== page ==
Disease Management Is Key To Great Wheat
Disease management with timely fungicide application must be a top priority to grow great wheat crop, Ohio State University pathologists say.
“In 2010, the more aggressive managers had the better wheat,” say Ohio State University pathologists Pierce Paul, Dennis Mills, Katelyn Willyerd and Allissa Kriss wrote in a recent issue of the university’s agronomy newsletter.
“Some folks were just lucky, but in general, those who had resistant varieties planted and applied a fungicide at the right time, saw better yields, test weights, and had lower levels of vomitoxin. Let us start by choosing resistant varieties, especially to head scab, as we plan for our next wheat crop,” the Ohio State University pathologists say.
“We had everything this year — head scab and vomitoxin, Stagonospora leaf and glume blotch, powdery mildew, leaf rust, head smut, cereal leaf beetle, plus a very hot late-spring-early-summer.
"The big problem this year was head scab and vomitoxin, with incidence ranging from 3% to 60% and vomitoxin from less than 1 ppm to 18 ppm. Both Stagonospora and powdery mildew were also very severe, with a severity score of 7 out of 10.
"Diseases combined with a short grain fill period resulted in low to moderate yield and grain quality, with average yield ranging from 40 to 90 bushels acre and test weight from 45 to 60 pounds per bushel.”
On the positive side, it was rare to find all of these diseases in the same fields and some fields escaped most of these problems, the pathologists say.
Fungicide Timing Matters
Fields that escaped or largely escaped disease did so for a number of reasons. They were planted to with resistant varieties or after soybeans. They may have been treated with a fungicide at the right time, flowered before or after the rains or a combination of all of these factors. The good news from a year with many diseases attacking wheat is that timely fungicide application made a huge difference, the pathologists say.
“Even in areas where the scab levels were high, some of the fields with the lowest levels of vomitoxin, highest yields and test weights were those that received a fungicide application at flowering,” they say.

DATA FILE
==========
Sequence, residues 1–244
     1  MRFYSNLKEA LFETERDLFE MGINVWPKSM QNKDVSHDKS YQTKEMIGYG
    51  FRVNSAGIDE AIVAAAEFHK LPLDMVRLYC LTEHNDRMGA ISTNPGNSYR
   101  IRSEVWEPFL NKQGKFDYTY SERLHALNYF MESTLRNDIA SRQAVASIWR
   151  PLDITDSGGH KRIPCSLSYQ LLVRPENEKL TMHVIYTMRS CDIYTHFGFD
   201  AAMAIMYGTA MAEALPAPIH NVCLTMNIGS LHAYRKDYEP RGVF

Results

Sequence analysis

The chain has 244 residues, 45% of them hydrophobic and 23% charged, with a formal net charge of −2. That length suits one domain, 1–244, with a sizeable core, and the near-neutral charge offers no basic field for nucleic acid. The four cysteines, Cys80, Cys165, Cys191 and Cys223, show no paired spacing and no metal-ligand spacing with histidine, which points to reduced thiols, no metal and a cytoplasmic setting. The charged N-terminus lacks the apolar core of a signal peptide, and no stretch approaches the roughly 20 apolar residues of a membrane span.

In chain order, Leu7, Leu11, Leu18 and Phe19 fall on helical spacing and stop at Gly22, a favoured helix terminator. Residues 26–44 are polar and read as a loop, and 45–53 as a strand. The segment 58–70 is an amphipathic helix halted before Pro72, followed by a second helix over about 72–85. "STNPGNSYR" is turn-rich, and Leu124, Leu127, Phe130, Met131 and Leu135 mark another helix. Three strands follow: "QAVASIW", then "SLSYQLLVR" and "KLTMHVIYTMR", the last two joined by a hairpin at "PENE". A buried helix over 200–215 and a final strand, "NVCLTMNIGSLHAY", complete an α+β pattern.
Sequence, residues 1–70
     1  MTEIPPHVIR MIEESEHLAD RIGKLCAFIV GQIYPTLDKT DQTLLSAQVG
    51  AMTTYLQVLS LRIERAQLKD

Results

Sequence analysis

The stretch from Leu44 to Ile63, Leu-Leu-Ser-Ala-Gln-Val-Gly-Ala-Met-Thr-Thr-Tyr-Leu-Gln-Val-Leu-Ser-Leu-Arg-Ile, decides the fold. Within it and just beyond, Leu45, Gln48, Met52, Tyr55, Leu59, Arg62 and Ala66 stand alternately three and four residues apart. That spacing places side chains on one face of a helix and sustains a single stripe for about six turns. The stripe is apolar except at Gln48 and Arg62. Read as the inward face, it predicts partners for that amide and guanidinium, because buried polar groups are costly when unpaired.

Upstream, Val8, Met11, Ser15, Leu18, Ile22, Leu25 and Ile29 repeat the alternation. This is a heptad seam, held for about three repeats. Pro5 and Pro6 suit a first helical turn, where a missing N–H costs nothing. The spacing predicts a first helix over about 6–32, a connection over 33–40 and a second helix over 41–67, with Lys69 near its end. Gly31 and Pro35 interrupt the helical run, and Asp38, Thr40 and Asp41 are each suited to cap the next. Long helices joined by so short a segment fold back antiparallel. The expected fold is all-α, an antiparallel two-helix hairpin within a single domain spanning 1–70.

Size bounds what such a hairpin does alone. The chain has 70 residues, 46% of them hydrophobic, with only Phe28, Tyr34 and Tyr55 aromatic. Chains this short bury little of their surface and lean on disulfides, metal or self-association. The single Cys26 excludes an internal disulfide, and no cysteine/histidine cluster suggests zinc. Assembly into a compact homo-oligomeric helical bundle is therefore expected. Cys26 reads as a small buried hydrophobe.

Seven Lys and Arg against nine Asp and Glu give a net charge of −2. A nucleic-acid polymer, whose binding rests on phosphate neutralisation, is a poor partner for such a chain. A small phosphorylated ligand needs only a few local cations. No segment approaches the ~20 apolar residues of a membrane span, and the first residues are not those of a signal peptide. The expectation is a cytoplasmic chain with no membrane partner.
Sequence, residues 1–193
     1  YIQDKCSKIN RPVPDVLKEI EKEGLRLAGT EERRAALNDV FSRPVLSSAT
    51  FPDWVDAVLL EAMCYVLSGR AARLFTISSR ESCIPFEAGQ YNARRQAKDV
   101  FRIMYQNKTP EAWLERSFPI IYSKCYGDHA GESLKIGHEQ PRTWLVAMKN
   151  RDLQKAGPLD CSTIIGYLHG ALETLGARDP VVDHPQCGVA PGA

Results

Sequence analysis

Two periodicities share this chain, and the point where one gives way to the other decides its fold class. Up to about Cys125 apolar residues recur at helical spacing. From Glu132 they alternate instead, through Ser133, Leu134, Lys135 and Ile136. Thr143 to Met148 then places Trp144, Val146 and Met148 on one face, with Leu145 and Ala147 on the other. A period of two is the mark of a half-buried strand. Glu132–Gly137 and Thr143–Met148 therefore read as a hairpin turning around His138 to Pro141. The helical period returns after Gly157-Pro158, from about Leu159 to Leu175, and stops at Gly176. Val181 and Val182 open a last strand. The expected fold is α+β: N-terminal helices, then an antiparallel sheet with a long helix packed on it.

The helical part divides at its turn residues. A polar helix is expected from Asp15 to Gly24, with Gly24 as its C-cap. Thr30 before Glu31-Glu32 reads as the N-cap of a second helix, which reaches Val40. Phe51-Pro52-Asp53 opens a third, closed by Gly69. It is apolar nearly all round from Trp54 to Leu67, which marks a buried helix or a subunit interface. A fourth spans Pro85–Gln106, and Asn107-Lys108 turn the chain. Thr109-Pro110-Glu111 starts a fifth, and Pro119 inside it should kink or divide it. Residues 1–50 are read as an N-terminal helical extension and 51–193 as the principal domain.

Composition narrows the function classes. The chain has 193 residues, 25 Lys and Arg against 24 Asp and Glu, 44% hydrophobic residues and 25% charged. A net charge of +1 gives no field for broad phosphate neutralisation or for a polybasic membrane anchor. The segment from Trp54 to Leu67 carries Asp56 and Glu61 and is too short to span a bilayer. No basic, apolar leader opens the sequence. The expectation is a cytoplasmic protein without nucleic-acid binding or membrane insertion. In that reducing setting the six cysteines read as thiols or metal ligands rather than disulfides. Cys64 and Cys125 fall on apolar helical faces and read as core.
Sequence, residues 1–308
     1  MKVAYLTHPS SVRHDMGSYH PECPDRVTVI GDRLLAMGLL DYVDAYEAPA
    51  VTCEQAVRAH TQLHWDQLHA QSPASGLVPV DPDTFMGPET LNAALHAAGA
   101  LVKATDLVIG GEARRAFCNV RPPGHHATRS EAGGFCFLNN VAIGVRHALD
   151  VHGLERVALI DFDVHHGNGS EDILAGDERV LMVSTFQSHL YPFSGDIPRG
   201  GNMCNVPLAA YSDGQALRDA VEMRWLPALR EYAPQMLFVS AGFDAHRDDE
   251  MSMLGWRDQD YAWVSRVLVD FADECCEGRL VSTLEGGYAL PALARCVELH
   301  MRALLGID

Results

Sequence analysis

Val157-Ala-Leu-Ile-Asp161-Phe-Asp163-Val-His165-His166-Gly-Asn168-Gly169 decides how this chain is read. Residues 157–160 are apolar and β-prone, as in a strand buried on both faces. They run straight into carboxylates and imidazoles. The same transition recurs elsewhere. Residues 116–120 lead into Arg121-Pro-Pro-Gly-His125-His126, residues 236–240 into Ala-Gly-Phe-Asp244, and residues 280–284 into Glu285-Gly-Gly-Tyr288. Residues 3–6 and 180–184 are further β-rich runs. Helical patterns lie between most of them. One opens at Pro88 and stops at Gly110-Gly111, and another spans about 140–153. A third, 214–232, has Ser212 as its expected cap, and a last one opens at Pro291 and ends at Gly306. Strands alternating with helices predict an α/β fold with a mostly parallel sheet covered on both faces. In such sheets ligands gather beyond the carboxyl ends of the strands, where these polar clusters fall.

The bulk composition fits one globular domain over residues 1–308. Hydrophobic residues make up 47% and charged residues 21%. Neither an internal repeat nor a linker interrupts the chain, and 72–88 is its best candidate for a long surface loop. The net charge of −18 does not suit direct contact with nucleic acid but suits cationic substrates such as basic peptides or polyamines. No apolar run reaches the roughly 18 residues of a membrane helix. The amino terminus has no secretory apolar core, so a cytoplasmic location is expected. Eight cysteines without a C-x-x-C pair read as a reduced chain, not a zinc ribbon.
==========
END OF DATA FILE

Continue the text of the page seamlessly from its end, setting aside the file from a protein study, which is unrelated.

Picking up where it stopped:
“However, vomitoxin levels were still higher than 3 ppm in some of the treated fields. Similarly, fields treated for Stagonospora also had better grain yield and quality than fields left untreated. Combining variety resistance with fungicides added a few more bushels to yield and pounds to test weight.
“Another positive from this season was the fact that the scab forecasting system did a good job of alerting us about the risk of scab. We did have more scab in 2010 than we had in 2009 and the risk tool clearly indicated that was going to be the case.”
There are a number of things to consider when planning the 2010-2011 wheat crop, the pathologists say.
“Foliar diseases can be managed effectively with resistance or with a well-timed fungicide application if the variety is susceptible, with a percent control as high as 90%. Resistance must be combined with a fungicide application at flowering to achieve the best results in terms of scab and vomitoxin control.”
They also recommend growers give a priority to scab resistance, if a variety with resistance to multiple diseases can’t be found.
“Planting resistant varieties with different flowering dates (maturity) will almost certainly reduce the chance of your entire field being affected by a disease, even if the weather becomes favorable,” the pathologists say.